And party members have traveled all over the world – to Nigeria, to Northern Ireland, to South Africa, to London, Paris, Berlin, Brussels and Stockholm and to the Oxford Union to participate in a debate on African Unity.

In addition, their advocacy against U.S. and NATO support for the war in Ukraine goes back way before Yeshitela’s trip to Moscow.

“It must be noted that the APSP defendants have a well-documented history of opposing U.S. efforts to interfere in other countries that predates Yeshitela’s visit to Moscow by at least four decades,” Goodman and Reaney wrote. “The suggestion in the indictment that the APSP defendants were speaking for Russia when they blamed the United States for provoking Russia into invading Ukraine is plainly untrue, on its face.” 

“Even a quick perusal of the archives of the APSP newspaper, The Burning Spear, and their published speeches, shows example after example of the APSP’s opposition to NATO expansion and U.S. interference in Ukraine.” 

Yes, the Justice Department is seeking jail time for U.S. citizens for a number of “overt acts,” including that the U.S. citizens made “speeches expressing opposition to the U.S. involvement in the crisis in Ukraine and in solidarity with the people of Russia and their elected government and leadership.”

“The views of these defendants, that the government calls ‘propaganda and disinformation,’ are nearly identical to the views held by well-renowned public intellectuals such as Professors Jeffrey Sachs of Columbia University and John Mearsheimer of the University of Chicago,” Goodman and Reaney write.

The FBI raided Yeshitela’s offices and home in July 2022. In August 2022, Yeshitela went on the public affairs program Democracy Now and accused the FBI of targeting his group for their political work.

“My wife and I were awake,” Yeshitela said. “We were sitting at the dining room table discussing how we were going to be moving for the day. She is responsible for and has organized a doula program to train African women, young women, in becoming doulas. This is in a city where in the first year of life, enough Black babies die to fill 15 kindergarten classes every year. So, we were talking about that. And I actually was preparing to go to the gym.”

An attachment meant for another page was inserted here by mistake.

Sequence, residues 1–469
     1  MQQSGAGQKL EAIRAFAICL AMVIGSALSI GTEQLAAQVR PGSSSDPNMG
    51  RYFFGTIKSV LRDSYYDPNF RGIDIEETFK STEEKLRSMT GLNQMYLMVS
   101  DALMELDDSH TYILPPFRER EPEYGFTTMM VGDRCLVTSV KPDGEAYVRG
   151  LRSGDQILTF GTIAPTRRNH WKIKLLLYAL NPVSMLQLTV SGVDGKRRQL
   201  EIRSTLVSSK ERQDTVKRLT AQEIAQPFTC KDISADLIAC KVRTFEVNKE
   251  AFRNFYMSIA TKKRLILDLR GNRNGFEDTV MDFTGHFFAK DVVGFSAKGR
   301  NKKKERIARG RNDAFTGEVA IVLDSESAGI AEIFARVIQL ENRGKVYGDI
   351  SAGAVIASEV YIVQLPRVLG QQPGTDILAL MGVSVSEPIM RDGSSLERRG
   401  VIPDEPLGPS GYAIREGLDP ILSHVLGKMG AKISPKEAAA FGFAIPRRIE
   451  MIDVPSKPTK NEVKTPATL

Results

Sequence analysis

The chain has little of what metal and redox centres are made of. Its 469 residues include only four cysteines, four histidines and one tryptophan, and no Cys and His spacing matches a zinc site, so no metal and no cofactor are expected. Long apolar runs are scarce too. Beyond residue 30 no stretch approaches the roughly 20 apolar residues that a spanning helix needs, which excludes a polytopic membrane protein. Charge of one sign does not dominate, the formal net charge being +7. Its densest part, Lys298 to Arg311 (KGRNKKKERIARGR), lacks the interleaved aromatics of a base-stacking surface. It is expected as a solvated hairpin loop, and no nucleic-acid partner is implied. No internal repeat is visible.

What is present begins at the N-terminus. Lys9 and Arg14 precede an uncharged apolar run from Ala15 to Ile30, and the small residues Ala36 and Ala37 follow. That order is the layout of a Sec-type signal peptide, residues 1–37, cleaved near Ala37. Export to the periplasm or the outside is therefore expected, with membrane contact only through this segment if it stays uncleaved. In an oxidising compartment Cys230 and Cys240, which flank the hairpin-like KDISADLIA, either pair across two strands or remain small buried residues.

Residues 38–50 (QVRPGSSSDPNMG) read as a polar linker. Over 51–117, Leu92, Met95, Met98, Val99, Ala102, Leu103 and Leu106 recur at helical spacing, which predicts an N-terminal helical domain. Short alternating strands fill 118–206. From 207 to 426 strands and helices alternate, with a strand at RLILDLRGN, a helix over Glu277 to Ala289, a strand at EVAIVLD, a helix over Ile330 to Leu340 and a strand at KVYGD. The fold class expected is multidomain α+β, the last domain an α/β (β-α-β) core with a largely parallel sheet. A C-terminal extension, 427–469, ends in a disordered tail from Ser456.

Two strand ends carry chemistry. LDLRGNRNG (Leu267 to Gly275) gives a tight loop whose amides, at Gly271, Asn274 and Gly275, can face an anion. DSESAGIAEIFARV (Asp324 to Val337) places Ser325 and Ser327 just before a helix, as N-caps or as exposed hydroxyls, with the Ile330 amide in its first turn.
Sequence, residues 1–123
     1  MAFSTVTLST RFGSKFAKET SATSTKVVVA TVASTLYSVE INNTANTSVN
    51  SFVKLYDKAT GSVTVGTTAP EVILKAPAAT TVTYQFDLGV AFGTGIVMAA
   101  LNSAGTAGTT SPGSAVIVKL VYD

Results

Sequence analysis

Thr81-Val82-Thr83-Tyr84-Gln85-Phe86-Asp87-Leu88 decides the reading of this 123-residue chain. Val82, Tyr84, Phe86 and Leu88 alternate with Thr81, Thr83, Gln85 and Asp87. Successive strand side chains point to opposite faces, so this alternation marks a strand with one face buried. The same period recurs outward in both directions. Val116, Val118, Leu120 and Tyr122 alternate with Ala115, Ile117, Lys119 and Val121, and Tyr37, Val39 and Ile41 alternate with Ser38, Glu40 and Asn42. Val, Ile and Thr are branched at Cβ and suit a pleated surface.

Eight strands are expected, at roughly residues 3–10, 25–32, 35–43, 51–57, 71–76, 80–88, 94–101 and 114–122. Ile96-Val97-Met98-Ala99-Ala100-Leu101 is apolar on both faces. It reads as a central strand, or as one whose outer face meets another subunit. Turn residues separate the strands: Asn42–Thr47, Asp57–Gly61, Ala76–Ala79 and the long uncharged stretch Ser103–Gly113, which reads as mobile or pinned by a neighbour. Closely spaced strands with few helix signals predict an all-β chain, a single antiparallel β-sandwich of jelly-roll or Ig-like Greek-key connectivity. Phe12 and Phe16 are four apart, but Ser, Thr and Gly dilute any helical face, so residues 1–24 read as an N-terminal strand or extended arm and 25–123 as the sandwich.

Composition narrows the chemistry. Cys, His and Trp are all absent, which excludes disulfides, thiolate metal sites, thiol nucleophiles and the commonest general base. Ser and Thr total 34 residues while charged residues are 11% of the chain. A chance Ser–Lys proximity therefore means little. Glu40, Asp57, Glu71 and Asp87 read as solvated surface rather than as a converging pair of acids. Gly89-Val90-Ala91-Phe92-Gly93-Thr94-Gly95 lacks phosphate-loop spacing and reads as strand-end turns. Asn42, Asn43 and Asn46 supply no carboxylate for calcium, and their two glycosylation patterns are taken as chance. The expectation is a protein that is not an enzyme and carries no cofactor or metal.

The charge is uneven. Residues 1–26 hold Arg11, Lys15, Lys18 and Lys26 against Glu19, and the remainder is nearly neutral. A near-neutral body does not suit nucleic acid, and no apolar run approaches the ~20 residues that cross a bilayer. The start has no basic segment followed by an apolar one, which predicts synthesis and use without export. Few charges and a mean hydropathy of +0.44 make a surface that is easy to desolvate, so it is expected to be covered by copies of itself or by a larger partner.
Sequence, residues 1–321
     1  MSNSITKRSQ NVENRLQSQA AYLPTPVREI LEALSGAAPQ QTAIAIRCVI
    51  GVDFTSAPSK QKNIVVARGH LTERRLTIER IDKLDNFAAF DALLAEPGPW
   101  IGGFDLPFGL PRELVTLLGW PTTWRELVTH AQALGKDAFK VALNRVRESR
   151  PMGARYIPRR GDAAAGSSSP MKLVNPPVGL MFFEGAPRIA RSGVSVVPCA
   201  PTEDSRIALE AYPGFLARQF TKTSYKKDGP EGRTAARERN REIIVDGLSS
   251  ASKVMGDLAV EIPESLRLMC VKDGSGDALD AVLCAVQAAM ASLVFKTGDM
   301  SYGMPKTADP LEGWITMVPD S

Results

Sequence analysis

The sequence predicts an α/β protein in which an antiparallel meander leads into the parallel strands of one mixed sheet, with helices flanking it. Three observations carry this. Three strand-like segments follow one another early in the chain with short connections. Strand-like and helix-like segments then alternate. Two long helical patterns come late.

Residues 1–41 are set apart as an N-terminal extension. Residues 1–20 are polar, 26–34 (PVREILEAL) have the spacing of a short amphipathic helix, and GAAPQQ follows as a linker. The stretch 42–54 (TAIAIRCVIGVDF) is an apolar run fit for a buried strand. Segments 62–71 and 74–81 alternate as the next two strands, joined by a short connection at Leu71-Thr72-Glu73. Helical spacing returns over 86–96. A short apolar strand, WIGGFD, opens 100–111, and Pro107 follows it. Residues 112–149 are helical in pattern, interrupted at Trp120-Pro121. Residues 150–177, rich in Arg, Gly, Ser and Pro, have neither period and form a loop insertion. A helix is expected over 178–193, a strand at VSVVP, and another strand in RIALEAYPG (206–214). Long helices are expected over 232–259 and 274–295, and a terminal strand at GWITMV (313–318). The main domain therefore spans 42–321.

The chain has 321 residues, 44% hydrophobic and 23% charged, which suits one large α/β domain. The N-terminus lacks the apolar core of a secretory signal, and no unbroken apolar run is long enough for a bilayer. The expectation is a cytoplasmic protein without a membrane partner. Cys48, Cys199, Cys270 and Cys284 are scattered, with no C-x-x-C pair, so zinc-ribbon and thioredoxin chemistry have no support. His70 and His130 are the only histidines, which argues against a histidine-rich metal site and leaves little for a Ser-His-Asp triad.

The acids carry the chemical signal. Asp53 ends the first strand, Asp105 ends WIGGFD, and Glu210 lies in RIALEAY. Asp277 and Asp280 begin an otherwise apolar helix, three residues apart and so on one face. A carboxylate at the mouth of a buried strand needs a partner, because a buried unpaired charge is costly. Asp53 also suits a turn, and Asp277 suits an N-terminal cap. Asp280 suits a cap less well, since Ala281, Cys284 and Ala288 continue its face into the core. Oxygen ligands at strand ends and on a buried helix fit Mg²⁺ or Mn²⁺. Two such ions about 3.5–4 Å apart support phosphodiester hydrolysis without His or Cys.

“And then we heard this loud racket outside, this noise from loudspeakers demanding that the residents of this property should come out with our hands up and nothing in our hands. And as this was being said, loud flashbang grenades were exploding all around the house and, I was later to learn, in the back stairwell of the house. So, I asked her to allow me to leave first, and to get on the phone to call people to let them know that we were being raided. And she tried but was unable to do it because they had jammed our phones.”

“So, I went down the stairwell, and when I got to the bottom of the stairwell, these laser dots from automatic weapons were bouncing off my chest. And I heard these commands to move toward them, toward the light. There was a large armored vehicle in front of my house. There were camouflage-clad troopers, FBI agents, and I don’t know who else, with flak jackets and automatic weapons.” 

“My wife followed me down. And on her way down, a drone went past her head going up the stairwell into the house. So, I went outside and was zip-tied at the side of the house. There were – I don’t know how many FBI agents there were, but there were a lot of them and a lot of different vehicles. And my wife came downstairs. She was handcuffed behind her back.”

“And I’m asking them, ‘Why? What’s going on?’ They said that they had a search warrant for my house. And I asked them to see the search warrant. And they conveniently didn’t have it on them, but it was somewhere in the vicinity, and they’d get it. We were told to sit on the curb, which we didn’t comply with. And they said, ‘Well, you can sit in the backseat of the car.’ And we were saying, ‘I don’t want to sit anywhere. I want to leave. I don’t even want you here. I don’t want to be here with you.’ I said again, ‘Why are you here? Why are you attacking this house?’ They took my cell phone. They said that they were there because later that morning there was going to be an indictment out of Tampa, Florida, against a Russian national, and should he ever come to the United States, he would be arrested, that somehow my name was involved in this indictment. And so, that was the basis they gave for the arrest.”

That’s how the FBI and Department of Justice treat individual U.S. citizens who speak out against the military industrial complex.

But large powerful corporations that kill? 

And their CEOs who kill?

Boeing, its current CEO David Calhoun and its former CEO Dennis Muilenburg, should be criminally prosecuted for the killing of 346 people.

“It’s a principle of American law that the crime of involuntary manslaughter occurs when death results from acts performed in a criminally negligent or reckless manner,” write Shanin Specter and Robert Clifford in an article published last year titled – It’s Time for a Criminal Investigation of Boeing’s CEOs.

“The public communications that Boeing made at Muilenburg’s and Calhoun’s insistence have now been recognized as false and misleading by both the relevant court and relevant regulator,” they wrote. “These were statements that the U.S. government and the general public trusted regarding the 737 MAX 8’s safety. Muilenburg and Calhoun were also pivotal in Boeing’s decision to allow the unsafe 737 MAX 8 to keep flying after the first crash in 2018. This led directly to the second, fatal crash in Ethiopia.”

“Such irresponsible conduct – if proven in criminal court – needs to be punished, both for the memories of the deceased and for the safety of the general public. It’s time for the criminal justice system to look at the behavior of both Muilenburg and Calhoun.”

Time’s up.

Prosecute Boeing and its CEOs for manslaughter.